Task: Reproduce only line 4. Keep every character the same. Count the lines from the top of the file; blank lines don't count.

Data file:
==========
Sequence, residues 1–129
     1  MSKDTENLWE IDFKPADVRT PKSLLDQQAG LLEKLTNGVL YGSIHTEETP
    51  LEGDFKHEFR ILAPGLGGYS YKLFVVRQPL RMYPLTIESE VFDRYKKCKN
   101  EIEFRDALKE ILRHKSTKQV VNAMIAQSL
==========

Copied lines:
   101  EIEFRDALKE ILRHKSTKQV VNAMIAQSL